Stricker came close, but none of his shots hit their target. 

2015 PGA Championship: Order your tickets here

Regardless, social media was abuzz with Stricker's shot. 



Steve Stricker tees off at the top of Camp Randall! @uwbadgers #badgers

View on Instagram

At least they didn't wait until the end of the third quarter for this promotion. That's when House of Pain's "Jump Around" plays and Camp Randall Stadium goes crazy. 

We'll give Stricker the benefit of the doubt and say that the safety cord messed up the three-time U.S. Ryder Cup Team member's swing. Plus, hitting a shot in front of 80,000 people is no easy task. 

Now the natural question becomes which golfer will be the next to take a shot at a football stadium? For my money, I want to see Jason Dufner hit one over Jordan-Hare Stadium. 

Jarrod Lyle
Two-time cancer survivor Jarrod Lyle celebrates making the cut at the Open, his first PGA tournament start in two years.

The drink of choice in the Napa Valley is usually red or white, but for Jarrod Lyle, a cold beer was a perfect way to celebrate Friday.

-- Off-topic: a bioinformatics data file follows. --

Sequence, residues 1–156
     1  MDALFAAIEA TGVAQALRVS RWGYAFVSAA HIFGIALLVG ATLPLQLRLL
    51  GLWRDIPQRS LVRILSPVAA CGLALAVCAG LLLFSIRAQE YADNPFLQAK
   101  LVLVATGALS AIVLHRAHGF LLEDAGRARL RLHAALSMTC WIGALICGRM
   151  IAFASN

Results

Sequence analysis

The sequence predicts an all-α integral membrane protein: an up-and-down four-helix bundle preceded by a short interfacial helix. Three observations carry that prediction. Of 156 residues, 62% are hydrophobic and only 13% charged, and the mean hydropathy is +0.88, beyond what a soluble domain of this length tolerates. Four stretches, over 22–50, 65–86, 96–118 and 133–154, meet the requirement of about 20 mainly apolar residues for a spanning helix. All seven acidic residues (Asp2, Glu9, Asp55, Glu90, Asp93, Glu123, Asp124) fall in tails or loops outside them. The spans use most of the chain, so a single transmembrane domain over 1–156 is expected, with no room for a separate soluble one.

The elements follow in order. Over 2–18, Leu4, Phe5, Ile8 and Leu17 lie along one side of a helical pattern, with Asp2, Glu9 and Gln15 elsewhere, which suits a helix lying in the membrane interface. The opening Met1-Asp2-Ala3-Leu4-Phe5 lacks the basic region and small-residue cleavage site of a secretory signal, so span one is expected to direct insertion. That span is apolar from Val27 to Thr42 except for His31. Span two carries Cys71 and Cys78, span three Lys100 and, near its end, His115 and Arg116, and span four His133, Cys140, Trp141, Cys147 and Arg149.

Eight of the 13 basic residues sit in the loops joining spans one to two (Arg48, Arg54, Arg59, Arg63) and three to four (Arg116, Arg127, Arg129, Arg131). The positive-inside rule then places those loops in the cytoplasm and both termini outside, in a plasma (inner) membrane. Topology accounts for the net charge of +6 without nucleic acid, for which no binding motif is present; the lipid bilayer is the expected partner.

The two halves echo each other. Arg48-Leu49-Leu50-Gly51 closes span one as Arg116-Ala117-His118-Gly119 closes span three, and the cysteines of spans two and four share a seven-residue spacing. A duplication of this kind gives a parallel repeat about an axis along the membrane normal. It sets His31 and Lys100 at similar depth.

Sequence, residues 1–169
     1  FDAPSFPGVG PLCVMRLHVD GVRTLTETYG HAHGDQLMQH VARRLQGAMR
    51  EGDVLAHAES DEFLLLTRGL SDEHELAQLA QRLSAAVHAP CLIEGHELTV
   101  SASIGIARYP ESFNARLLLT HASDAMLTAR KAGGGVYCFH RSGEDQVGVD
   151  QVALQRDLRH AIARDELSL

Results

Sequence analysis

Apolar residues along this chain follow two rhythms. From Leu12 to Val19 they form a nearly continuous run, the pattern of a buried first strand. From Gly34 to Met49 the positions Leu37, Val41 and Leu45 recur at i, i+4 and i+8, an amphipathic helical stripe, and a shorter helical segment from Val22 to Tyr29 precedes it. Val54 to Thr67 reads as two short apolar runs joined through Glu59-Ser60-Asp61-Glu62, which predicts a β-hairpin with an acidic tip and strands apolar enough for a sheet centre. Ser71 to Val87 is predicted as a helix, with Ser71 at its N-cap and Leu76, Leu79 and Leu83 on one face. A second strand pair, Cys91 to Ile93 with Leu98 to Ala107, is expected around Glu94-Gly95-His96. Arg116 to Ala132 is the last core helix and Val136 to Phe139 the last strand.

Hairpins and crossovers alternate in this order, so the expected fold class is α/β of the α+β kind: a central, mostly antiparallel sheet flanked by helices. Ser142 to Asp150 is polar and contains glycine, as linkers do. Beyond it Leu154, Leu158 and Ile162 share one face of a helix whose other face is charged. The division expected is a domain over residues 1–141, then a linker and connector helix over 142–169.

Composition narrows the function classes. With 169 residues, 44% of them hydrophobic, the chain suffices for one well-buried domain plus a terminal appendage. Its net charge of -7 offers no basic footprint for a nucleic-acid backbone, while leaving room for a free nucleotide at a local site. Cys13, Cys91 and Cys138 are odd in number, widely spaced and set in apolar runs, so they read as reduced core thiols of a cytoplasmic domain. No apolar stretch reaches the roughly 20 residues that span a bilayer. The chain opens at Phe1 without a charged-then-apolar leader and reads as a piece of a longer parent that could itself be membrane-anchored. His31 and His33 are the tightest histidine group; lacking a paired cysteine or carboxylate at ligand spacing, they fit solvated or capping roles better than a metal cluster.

The two-time cancer survivor continued a storybook week at Silverado Country Club with a second-round 70 to put him 2 under for the tournament, good enough to make the cut in his first PGA Tour start in two years.

IN THE FIELD: Jarrod Lyle earns place in Open field

Lyle tweeted this photo afterward:

After not receiving a sponsor's exemption for the Open, Lyle earned a spot in the field through Monday qualifying. Now he'll be playing on the weekend.

According to the Associated Press, Lyle has 20 events to earn $283,825 and reach the equivalent of No. 125 on the money list in 2012 to keep his PGA Tour card. Making the cut this week will at least assure Lyle of getting a check.


October 11, 2014 - 9:19am
mark.aumann's picture
Michelle Wie
We send along birthday wishes to Michelle Wie, who turns 25 today.

It's been one heck of a year for Michelle Wie. From snapping a four-year winless drought in her native Hawaii earlier this season to becoming U.S. Open champion, Wie's had a season to dream about.

Hopefully, she'll make another wish today as she celebrates her 25th birthday.

Wie was born Oct. 11, 1989, in Honolulu. According to her website, she began playing golf at age 4 and soon was hitting the ball more than 100 yards.

HAPPY BIRTHDAY: A gallery of Michelle Wie photos 

At 10, Wie became the youngest qualifier ever at the USGA Women's Amateur Public Links Championship. Three years later, she became the youngest player ever to make the cut at an LPGA Tour event, when she finished in the top 10 at the Kraft Nabisco Championship.